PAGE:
Bake Christmas cookies.
If you don’t want to have a million cookies in the house and totally derail your diet, give them away to friends, family and workers in your community who you see on a regular basis.
Do something nice for firemen, police officers or our troops.
They work hard all year long to keep us safe—even on the holidays—and it’s important to say thank you. You could make cards or those cookies I mentioned above to do just that, then bring them to your local firehouse/police station. You can also put together a care package to mail to Operation Gratitude, but check their guidelines first.
Donate to a food drive.
Continue the giving from Thanksgiving and reinforce a very important lesson about helping others. In my son’s preschool class, in addition to a food drive, the kids decorated bags for God’s Love We Deliver and read a sweet book about giving: The Spiffiest Giant in Town.
Pick out a present for Toys for Tots or a local children’s hospital.
Sure, it’s all fine and good to give food to someone, but toys? Why can’t I keep those toys for myself??? Yeah, it can be a little challenging. This service project can really highlight the idea that kids can do something tangible to make someone else happy, as well as remind them how lucky they are to have what they do.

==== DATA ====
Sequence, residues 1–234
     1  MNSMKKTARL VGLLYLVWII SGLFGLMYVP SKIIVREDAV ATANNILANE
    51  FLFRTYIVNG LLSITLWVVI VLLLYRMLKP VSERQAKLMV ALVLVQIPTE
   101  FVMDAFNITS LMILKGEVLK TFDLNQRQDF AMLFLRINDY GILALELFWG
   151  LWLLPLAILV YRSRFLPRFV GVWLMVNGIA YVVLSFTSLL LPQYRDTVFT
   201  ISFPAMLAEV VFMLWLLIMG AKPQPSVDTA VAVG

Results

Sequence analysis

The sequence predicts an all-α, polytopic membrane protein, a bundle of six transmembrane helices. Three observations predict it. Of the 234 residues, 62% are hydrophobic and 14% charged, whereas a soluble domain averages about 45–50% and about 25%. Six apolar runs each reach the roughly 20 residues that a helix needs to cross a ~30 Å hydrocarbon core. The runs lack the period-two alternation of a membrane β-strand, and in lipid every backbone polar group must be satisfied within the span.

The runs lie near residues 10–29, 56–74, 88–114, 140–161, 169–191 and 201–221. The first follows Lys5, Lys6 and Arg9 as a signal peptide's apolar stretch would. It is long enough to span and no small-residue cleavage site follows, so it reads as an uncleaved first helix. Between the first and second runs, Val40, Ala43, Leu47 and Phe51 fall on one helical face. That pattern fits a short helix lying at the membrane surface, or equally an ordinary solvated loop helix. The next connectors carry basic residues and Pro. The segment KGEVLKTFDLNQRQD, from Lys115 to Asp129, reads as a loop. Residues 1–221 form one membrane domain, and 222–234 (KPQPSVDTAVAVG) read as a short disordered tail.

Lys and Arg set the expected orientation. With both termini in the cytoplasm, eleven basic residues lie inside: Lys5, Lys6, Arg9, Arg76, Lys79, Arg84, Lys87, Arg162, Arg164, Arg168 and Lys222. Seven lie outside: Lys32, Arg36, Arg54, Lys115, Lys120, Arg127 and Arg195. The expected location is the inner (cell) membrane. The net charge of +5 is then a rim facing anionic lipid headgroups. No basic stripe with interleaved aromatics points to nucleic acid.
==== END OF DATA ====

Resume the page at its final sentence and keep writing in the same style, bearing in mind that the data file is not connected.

Write a letter to Santa.
Is there anything sweeter than this? Those letters from new writers are particularly adorable with their slight misspellings and utterly honest Christmas wishes.
Make goodies for Santa.
Cookies, carrots and associated beverages work in my house. As does an adult beverage for Mommy, who put this whole season together and lived to tell the tale!
Talk about the true meaning of Christmas.
Decorating is lovely. Gifts are great. Seasonal events are fun. But it’s easy to forget what the holiday is really about in all of the insanity. How religious you are will dictate exactly what you discuss, but regardless, this is a great time to talk about the spirit of giving, generosity and love that happens during the Christmas season—and that should last all year long.